Displaying items by tag: Scotland
New ways of engaging people with faith are being pioneered by the Church of Scotland in Ayrshire. It is sending teams of missioners out into the community to share the Good News of Jesus Christ and to build new worshipping communities. Team leader Revd Maggie McTernan said the aim is to connect with people who do not want to worship in traditional ways. ‘There's a challenge of declining attendance at our traditional churches on Sunday mornings. But that doesn't necessarily match with a decline in interest in matters of faith. There are people who have an interest and a concern about faith, but for a whole host of reasons they won't go to church on a Sunday morning. Maybe it's not what they're used to or maybe they have other commitments.’ The vision is an intergenerational church sharing activities, experiences and worship in new ways: Messy Church, prayer walks, sports-based wellbeing projects, online, digital parish and a disability project so that the church is fully inclusive.
At the end of 2020, national records reported that over 1,200 people had died of a drug-related death, putting Scotland at the top of the chart for drug-related deaths in Europe. The report painted a heart-breaking picture of loss and pain in so many families and communities across Scotland. Evangelical Alliance Scotland, Bethany Christian Trust, and Cross Reach carry out amazing work caring for some of the most vulnerable people in our communities, but they want to find out how they can further support the work of churches and agencies that focus on drug addiction. Therefore they are currently carrying out a survey with key questions around how drug addiction affects people's churches and how they can together provide sustainable solutions.
Many more arrests will follow after Rangers supporters shouted anti-Catholic slogans and songs and damaged property in Glasgow. Violent clashes led to five police officers being injured and thirty rioters arrested. Thousands of fans defied Covid-19 warnings against large gatherings and massed in George Square to celebrate Rangers winning their first Scottish Premiership championship since 2011. Images later showed George Square strewn with hundreds of broken bottles, plastic bags, and spent flares after flag-draped fans attacked each other and threw dangerous missiles at lines of riot gear-clad police officers. Nicola Sturgeon described the scenes as disgraceful: she was ‘angry on behalf of every law-abiding citizen. In normal times, violence, vandalism, and the vile anti-Catholic prejudice on display would be utterly unacceptable. But mid-pandemic, in a city with cases on the rise, it is also selfish beyond belief.’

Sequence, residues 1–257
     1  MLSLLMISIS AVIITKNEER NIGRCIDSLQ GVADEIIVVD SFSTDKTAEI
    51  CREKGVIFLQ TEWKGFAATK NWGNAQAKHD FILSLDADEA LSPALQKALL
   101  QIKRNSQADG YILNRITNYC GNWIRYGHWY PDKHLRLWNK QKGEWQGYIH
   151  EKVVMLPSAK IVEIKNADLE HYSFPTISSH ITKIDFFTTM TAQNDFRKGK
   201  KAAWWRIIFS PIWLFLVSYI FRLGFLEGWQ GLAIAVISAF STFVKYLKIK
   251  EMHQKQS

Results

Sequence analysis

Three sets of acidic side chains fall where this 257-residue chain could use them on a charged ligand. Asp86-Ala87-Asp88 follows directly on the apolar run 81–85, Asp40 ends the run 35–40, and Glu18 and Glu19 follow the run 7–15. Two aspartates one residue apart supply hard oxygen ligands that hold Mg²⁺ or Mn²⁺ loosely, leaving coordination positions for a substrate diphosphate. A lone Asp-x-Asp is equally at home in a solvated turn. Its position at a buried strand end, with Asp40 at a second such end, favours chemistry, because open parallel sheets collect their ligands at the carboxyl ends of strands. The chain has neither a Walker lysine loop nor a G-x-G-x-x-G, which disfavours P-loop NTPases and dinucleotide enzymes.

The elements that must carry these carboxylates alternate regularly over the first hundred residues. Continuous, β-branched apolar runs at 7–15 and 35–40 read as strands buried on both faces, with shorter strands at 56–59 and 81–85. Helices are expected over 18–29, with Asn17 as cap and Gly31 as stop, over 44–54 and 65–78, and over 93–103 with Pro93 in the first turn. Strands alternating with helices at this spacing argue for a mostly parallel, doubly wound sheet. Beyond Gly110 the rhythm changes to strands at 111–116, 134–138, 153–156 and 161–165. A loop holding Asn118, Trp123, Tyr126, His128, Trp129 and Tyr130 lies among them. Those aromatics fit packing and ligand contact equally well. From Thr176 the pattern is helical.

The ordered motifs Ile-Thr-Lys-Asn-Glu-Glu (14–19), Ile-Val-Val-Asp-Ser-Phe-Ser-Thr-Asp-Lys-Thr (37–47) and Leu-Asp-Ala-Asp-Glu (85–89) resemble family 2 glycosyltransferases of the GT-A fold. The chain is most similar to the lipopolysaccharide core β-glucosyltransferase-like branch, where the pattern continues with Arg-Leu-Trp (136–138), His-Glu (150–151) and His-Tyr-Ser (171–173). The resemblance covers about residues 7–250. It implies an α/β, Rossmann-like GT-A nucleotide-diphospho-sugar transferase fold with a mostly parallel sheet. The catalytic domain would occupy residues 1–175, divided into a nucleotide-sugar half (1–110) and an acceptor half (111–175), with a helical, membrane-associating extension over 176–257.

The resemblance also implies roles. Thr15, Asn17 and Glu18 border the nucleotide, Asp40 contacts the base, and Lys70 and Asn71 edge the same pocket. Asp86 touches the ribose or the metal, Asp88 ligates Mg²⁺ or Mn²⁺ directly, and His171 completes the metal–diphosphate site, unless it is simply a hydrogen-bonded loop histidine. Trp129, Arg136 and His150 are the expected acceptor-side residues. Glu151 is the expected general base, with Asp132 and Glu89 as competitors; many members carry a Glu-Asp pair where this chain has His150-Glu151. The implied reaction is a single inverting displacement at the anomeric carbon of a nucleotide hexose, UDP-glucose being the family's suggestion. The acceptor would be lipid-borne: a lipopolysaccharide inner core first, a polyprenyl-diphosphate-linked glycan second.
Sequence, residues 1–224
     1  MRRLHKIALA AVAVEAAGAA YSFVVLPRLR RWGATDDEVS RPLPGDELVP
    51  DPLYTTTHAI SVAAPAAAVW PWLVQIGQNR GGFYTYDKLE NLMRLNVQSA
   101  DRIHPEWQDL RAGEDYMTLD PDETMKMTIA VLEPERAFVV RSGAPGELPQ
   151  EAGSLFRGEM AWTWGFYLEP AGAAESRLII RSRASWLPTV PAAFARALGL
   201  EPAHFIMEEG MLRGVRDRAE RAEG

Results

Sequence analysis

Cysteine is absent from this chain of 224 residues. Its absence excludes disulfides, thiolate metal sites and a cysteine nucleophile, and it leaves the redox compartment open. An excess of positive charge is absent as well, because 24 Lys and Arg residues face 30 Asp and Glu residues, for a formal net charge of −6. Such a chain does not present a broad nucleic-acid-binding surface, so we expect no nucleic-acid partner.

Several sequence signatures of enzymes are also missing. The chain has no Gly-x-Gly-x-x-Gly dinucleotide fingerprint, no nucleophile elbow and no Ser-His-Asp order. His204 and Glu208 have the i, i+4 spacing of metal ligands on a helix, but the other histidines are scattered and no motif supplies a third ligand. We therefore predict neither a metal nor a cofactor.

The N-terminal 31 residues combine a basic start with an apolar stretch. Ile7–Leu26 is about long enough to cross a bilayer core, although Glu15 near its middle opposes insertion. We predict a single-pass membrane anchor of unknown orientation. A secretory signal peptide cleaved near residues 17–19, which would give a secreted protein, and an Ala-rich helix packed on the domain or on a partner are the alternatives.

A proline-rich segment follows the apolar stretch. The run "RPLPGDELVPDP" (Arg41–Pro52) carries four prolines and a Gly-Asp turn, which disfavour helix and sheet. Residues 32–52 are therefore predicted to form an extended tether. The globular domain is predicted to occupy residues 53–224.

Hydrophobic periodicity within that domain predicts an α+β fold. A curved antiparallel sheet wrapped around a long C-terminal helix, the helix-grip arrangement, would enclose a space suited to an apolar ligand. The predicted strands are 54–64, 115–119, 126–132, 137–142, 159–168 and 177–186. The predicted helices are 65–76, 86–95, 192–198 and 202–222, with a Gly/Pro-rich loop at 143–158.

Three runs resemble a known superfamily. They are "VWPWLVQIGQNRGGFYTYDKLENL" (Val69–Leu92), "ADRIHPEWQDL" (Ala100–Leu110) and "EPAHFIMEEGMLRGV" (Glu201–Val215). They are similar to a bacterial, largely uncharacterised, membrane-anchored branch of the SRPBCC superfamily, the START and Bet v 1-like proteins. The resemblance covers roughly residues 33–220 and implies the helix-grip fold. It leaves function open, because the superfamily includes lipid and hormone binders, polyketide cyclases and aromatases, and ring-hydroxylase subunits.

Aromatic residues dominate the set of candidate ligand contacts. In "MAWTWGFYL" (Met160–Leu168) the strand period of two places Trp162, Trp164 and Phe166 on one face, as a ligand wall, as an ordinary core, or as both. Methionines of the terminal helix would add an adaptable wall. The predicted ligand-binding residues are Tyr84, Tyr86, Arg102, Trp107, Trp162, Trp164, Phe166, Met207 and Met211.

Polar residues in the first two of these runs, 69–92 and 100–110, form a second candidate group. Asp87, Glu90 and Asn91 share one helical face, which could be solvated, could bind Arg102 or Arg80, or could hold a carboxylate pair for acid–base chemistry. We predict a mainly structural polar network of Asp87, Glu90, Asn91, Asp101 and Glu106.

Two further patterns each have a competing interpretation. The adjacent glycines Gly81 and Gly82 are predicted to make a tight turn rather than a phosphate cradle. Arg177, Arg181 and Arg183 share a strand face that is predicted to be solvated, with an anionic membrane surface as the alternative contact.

1 Cor 3:11 tells us, ‘No one can lay any foundation other than the one already laid, which is Jesus Christ’. Years ago, Scotland was the ‘Land of The Book’. A Bible would be open on many kitchen tables, but today the word of God lies mainly forgotten and unused on shelves (as in the rest of the UK). When Holyrood opened, everyone believed MSPs would act and pass laws according to the words on the ceremonial mace: ‘Wisdom, Justice, Compassion, Integrity’. However, departing from God’s word has resulted in declining personal and national morals, with lawlessness increased, as predicted in 2 Thessalonians 2. The media regularly expose lack of righteousness in many areas of society today, including politicians. A recent newspaper article stated, ‘We deserve the politicians we get’. We can ask God to lead Scotland to select MSPs who hold dear to Christian values and place serving others above their own interests.
For many years groups have gathered at locations along the Scotland/England border in a spirit of unity and reconciliation, confessing and repenting of the sins of one nation towards the other. There is a sense that much has been achieved, but there is still work to be done. In that spirit a small group from both sides of the border met to pray and discuss over recent weeks; the result is ‘Cross Border Blessing’ on 28 April. Sixteen individuals/couples will pray a blessing from one nation to the other, in 15-minute sections, criss-crossing the border from east to west. You can join them from where you are by using the blessing prayers In the evening there will be an online gathering of people from both nations to worship and pray under the banner of unity, celebrating what God is doing to build His church.